The Role and Importance of EIA

Environmental protection and resource management are traditionally given importance all over the world in recent times. Ancient practices taught people to live in perfect harmony with nature. However, over the years, industrialization, urbanization and changing lifestyles have greatly affected the environment by causing environmental pollution and environmental degradation.

What is an EIA

Pollution in air, water and soil has led to ecological imbalance and potential health hazards. As a result, regulations have been introduced in the form of laws and policies regarding the protection of the environment. Environmental Impact Assessment (EIA) is one such effort.

Environmental Impact Assessment (EIA) is the formal evaluation process for identifying, estimating, evaluating and justifying the ecological, social and related biophysical effects of a proposed policy, program or project on the environment. It gives insight into alternatives and measures that should be adopted before any commitment, thus helping to make important decisions. The overall aim of the EIA is to design development projects and activities taking into account the environmental perspective.

Functions of EIA

EIA provides the following benefits:

  • an opportunity for public participation,
  • greater protection of human health,
  • sustainable use of natural resources,
  • reduced project costs and delays,
  • minimizing environmental disaster risks,
  • and increased government responsibility.

EIA specifically aims to optimize the balance between development activities and socio-ecological losses. It is a management tool closely linked to the project that provides appropriate environmental information within the stipulated time.


Many countries now have mandatory legislation or policies for environmental impact assessments. Environmental Impact Assessment (EIA) was officially implemented in India in 1994. Both central and state authorities share responsibility for development and management together. The post-project evaluation analysis report on Strength, Weakness, Opportunity and Threat (SWOT) highlights various constraints such as inappropriate screening and coverage, ineffective monitoring, and provides necessary guidelines. The legislation provides the realization of the opportunity to raise public awareness, increase the initiatives of environmental groups and business, and integrate environmental thinking into plans and policies. Some of the unforeseen threats to the system are poor governance, rapid economic reforms, and favors to small-scale units.

The EIA process consists of three basic steps:

(a) Preparation of the report: Includes screening, scoping and documentation.


The screening determines whether an EIA is required, an EIA is required for any project in ecologically sensitive areas and covered by the coastal zone regulation.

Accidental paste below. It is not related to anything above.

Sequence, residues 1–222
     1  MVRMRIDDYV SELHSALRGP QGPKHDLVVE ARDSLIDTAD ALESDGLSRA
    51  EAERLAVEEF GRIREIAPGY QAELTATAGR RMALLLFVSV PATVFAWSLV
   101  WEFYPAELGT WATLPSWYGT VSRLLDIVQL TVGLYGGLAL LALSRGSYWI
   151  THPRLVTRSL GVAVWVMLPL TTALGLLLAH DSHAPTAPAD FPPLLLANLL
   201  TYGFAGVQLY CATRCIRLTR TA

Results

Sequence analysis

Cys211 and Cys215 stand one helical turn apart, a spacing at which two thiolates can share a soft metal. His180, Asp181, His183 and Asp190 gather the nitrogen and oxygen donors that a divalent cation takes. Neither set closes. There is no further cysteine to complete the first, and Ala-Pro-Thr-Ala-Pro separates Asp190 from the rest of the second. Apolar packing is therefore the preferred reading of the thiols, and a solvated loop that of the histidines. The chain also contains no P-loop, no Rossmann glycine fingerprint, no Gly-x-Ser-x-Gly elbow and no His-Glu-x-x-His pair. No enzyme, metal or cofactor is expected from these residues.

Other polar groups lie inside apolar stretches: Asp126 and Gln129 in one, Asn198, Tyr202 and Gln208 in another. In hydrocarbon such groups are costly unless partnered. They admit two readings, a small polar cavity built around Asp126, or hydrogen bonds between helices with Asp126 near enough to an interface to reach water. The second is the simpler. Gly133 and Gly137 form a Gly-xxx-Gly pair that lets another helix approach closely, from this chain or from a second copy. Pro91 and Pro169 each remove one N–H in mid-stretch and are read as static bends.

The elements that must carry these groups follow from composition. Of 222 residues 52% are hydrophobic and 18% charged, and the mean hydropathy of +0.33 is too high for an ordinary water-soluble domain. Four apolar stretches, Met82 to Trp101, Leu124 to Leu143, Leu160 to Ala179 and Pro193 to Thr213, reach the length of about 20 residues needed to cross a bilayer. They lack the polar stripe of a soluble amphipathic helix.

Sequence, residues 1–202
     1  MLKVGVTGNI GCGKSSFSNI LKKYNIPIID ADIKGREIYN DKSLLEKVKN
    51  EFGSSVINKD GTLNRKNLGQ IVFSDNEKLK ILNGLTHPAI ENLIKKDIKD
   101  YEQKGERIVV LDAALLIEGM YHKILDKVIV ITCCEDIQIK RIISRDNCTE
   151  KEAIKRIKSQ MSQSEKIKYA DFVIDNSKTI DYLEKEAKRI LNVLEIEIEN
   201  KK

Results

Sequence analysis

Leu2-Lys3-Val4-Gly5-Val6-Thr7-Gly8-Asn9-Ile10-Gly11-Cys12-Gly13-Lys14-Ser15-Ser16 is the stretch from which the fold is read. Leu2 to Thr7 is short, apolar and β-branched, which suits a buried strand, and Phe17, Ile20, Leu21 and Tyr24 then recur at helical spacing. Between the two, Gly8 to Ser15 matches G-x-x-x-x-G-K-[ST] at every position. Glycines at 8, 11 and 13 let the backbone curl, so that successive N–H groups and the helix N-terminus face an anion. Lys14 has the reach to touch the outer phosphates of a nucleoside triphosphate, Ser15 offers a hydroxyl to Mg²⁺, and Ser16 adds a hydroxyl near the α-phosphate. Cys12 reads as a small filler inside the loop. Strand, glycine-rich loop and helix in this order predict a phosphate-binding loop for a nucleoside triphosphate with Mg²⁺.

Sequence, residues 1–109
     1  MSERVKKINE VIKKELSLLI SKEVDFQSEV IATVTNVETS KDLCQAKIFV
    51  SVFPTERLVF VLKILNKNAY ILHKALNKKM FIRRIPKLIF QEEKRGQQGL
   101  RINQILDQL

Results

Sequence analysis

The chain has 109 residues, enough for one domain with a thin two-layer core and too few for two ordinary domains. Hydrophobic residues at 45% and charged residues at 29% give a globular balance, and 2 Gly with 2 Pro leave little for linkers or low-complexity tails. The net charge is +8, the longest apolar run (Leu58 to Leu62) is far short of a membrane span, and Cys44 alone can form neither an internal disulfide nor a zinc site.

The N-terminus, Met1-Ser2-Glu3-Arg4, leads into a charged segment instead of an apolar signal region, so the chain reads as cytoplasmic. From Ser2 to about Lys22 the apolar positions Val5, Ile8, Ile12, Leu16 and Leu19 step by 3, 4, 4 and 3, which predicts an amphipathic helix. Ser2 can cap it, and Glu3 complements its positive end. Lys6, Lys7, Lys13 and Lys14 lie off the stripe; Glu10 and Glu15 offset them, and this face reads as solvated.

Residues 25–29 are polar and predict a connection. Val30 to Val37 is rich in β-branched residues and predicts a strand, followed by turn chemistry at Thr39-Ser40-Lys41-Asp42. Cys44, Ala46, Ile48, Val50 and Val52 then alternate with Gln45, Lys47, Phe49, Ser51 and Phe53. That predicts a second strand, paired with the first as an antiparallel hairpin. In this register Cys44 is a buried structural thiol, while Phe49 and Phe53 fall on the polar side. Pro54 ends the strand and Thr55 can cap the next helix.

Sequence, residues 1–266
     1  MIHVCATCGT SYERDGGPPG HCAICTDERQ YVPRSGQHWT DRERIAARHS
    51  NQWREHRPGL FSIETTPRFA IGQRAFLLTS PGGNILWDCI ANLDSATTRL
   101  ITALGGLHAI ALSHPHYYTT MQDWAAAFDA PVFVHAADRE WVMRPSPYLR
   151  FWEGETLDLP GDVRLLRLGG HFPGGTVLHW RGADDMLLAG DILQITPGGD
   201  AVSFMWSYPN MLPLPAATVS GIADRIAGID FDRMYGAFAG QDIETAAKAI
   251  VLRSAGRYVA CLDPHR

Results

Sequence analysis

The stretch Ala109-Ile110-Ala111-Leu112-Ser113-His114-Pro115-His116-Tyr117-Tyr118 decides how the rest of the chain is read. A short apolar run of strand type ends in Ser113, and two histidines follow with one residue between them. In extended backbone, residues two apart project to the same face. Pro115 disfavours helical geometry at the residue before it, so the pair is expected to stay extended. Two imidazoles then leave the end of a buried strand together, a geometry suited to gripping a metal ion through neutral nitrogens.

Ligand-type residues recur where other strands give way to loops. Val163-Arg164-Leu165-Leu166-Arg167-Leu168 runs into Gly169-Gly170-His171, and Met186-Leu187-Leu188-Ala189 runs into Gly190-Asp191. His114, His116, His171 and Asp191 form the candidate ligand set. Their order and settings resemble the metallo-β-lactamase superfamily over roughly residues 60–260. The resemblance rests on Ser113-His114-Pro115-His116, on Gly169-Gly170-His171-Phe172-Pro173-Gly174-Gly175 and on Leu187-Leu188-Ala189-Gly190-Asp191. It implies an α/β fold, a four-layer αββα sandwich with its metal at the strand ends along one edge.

Scoping identifies concerns and issues to be addressed for a particular project. It includes the following steps:

  1. Baseline analysis: Through baseline analysis, the environmental changes resulting from the project are compared with the expected environmental changes without the proposed project.
  2. Impact estimation: Forecast analysis estimates the nature and significance of expected impacts.
  3. Mitigation measures: Environmental Management Plan (EMP), risk assessment report and disaster management plan (if hazardous materials are present in the project), rehabilitation plan (if people are expected to be displaced) are prepared to recommend remedial measures.


(a) A comprehensive report is prepared summarizing the description of the project, regional settings, baseline conditions, impact estimation and key findings of the study.

(b) The review and decision-making-Impact Assessment (IA) section reviews the application with details of the EIA and EMP report documents, Certificate of No-Objection (NOC), risk assessment and emergency preparedness plan, rehabilitation plan, public hearing, from the airport administration and obtaining permission from state forest departments, etc. IA is free to make site visits if it deems necessary. Based on the EIA review and other information, IS grants or denies environmental permits for the project.

(c) Post-Project Monitoring (PPM) – PPM ensures implementation in accordance with specified measures while providing environmental permit (EC). Thus, it fulfills the dual task of identifying the actual environmental impacts of the project and implementing the desired mitigation measures of the EMP.


Political commitment and public participation are essential to addressing critical issues. Improved effectiveness will also depend on the strength of government agency coordination, integrated decision-making, adequate training for various stakeholders, and supporting infrastructure for purposeful monitoring and implementation. Methods of conducting environmental impact assessments are regularly reviewed for gradual improvement that not only helps lift current restrictions but also deals with future challenges.

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